Planning a Family Reunion

Nine tips for a great get-together.

Family reunions mean different things to different members of the family. Some family members dread the encounters whereas some family members get overly excited and plan elaborate activities and events. Others have never considered planning one because the mere thought of gathering the entire family in one spot is too daunting, overwhelming or expensive. But there is a way to unite the extended family for an event that is eagerly anticipated and thoroughly enjoyed by everyone in your family.

    1. It’s all about location. The location often makes or breaks a family reunion. For a multi-day event, try to choose a location that is as self-contained as you can. If lodging, events, meals, gathering places and parking are all nearby, people will spend more time together having fun, and less time wrestling with logistics. A campus-style setting is perfect, so look into resorts, camps, recreation areas, clubs or even renting space at your alma mater for a long weekend in the summer. Wherever you hold your reunion, make sure that it’s centrally located to as many family members as possible, and that it offers a price range that suits the attendees.
    2. Hope for sun but plan for rain. You can choose the time of year and the location in an attempt to get the best climate for your reunion. Yet, no one can control the elements. That means you need to plan for all kinds of weather. Again, pick a versatile location. The ideal spot should have a large lodge or other weather-protected facility where the whole family can congregate for games and other fun family activities, as well as meals.
    3. Try a theme event. Though it may sound corny, it works. Everyone inevitably has fun at theme parties, even if it’s just because your teenager is laughing at attendees for dressing up or playing along. Whether the theme is simple or complex, it serves as a way to engage guests. Plus, dressing in a quirky style to suit the theme is a great conversation starter, no matter what the age of the relatives involved. A simple idea to try is changing the theme annually. One year, the theme could be Hawaiian. The next year, the theme might be Western. For the latter, attire, food and activities could all be country-style, such as giving out cowboy hats for welcome gifts, having horseback riding, playing horseshoes, starting a campfire to roast S’mores and leading a group hike. A more complex theme could be something like the board game Clue, where everyone spends the weekend figuring out a puzzle while catching up with the clan and enjoying the planned activities.
    4. Consider special needs. You’ll have a big range of ages at your reunion, and you’ll have to consider a wide range of needs. A surefire way to spoil the mood is when a family must leave the reunion in order to find a far-off doctor to refill a prescription. Confirm there is good care nearby, such as a clinic, pharmacy and hospital for emergencies. Or better yet, check that where you hold the reunion has a nurse on staff. And locations that offer supervised children’s activities, and/or daycare, are a blessing: Kids will have a blast with others in their age group, as will the adults!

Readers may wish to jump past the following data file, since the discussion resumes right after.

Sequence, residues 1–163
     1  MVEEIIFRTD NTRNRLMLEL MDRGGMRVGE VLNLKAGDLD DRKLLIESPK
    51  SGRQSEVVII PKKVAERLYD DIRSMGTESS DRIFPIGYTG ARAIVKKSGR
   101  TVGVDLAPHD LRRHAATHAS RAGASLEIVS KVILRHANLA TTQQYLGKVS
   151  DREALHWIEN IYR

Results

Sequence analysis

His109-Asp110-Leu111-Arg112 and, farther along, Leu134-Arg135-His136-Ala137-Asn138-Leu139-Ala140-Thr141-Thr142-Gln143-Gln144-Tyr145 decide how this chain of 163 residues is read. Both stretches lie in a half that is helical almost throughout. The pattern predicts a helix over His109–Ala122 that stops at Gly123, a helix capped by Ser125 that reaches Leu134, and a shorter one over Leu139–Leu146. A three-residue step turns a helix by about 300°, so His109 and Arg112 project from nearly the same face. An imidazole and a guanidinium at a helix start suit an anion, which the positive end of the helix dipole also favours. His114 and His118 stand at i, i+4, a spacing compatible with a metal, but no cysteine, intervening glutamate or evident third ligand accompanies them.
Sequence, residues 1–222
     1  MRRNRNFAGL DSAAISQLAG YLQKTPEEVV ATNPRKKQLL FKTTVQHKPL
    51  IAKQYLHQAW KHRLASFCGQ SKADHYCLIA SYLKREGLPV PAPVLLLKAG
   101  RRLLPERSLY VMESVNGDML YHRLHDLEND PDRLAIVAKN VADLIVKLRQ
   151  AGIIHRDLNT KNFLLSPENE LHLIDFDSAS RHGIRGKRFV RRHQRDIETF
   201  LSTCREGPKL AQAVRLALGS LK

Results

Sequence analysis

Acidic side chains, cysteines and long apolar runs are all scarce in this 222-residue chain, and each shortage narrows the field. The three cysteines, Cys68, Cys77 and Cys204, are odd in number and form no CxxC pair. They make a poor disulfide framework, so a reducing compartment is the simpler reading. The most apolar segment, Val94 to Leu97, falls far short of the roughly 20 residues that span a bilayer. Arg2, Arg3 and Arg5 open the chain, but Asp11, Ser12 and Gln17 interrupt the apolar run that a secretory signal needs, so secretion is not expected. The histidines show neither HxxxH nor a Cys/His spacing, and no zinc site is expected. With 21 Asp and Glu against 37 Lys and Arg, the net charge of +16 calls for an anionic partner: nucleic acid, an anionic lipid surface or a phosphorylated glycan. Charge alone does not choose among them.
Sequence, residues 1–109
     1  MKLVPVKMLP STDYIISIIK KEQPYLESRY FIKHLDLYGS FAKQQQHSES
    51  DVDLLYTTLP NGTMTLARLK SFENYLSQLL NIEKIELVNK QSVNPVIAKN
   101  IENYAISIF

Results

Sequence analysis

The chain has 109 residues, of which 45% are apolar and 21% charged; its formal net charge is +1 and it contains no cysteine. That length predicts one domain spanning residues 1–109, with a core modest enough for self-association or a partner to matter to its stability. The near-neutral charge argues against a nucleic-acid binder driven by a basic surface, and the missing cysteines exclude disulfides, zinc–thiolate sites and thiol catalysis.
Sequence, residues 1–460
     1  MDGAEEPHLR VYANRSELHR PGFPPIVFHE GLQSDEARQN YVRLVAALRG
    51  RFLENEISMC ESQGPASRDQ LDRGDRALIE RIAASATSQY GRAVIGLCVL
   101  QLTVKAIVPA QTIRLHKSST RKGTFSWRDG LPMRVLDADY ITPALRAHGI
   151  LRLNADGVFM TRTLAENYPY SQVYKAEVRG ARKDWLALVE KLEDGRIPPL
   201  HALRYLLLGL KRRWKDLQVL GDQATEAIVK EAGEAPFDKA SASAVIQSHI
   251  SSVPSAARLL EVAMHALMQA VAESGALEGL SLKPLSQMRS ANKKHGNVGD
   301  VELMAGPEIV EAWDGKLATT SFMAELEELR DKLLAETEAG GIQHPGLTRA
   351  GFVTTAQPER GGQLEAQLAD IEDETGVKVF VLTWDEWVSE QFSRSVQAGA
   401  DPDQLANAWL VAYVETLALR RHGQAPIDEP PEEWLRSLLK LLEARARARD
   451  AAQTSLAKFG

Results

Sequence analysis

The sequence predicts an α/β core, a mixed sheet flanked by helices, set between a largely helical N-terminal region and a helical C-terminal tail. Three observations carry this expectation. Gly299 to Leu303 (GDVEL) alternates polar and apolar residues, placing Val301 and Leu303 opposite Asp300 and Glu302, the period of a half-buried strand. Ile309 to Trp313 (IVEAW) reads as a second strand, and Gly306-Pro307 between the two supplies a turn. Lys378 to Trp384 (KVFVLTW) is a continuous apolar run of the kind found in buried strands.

5. Don’t forget about pets. Will the facility take pets? Is there a quality kennel nearby? For a lot of people, leaving the family pet behind can be a deal-breaker.
    6. Schedule appealing activities. This can be one of the hardest things to plan. Just within your immediate family, you probably have some people who relish an afternoon at the art museum followed by a stop at the coffee shop, while another person prefers to spend seven hours hiking up a mountain to a clear mountain lake. Just be sure to maintain a broad focus when thinking of available activities. Even if you choose a facility for your reunion that offers diverse activities, consider the surrounding area, too. Will attendees have access to outdoor recreation, shopping, cultural attractions, restaurants and bookstores? The more of these attractions you find within a short radius of your chosen location, the happier everyone will be.
    7. Factor in food. If your group isn’t pleased with the options available at mealtimes, it won’t be long before people hop in their cars, heading out in all directions to find what they like for grub. And one of the last things you want is for your carefully planned event to be disrupted three times a day by people flocking to restaurants around town. Confirm that your chosen venue offers a diverse range of culinary choices, including vegetarian and possibly vegan and gluten-free dishes, along with hotdogs, hamburgers, chicken fingers and options for more gourmet palates. It’s possible to have varied healthy and delicious fare all in one place.
    8. Designate a planner. Select a specific planner who is organized and up to the task. While it’s fine for that person to have helpers on side projects, you need one lead planner to ensure your event comes off without a hitch.
    9. Allot free time. Eager organizers of family reunions frequently attempt to fill every moment of the day with things to do. But it’s critical to balance events and activities with free time. The idea is to get everyone together a for a few daily events filled with family fun, while letting folks do their own thing at certain times of the day. That keeps the dynamic interesting when everyone reassembles for dinner, for example, and recounts what they did that day.

    Family reunions are making a big comeback this summer— they’re an affordable way to have a great vacation, get back to old-fashioned principles of what matters in life and reconnect with those cousins you haven’t seen since you were a kid at Thanksgiving nearly two decades ago. Good luck with the planning and enjoy the main event!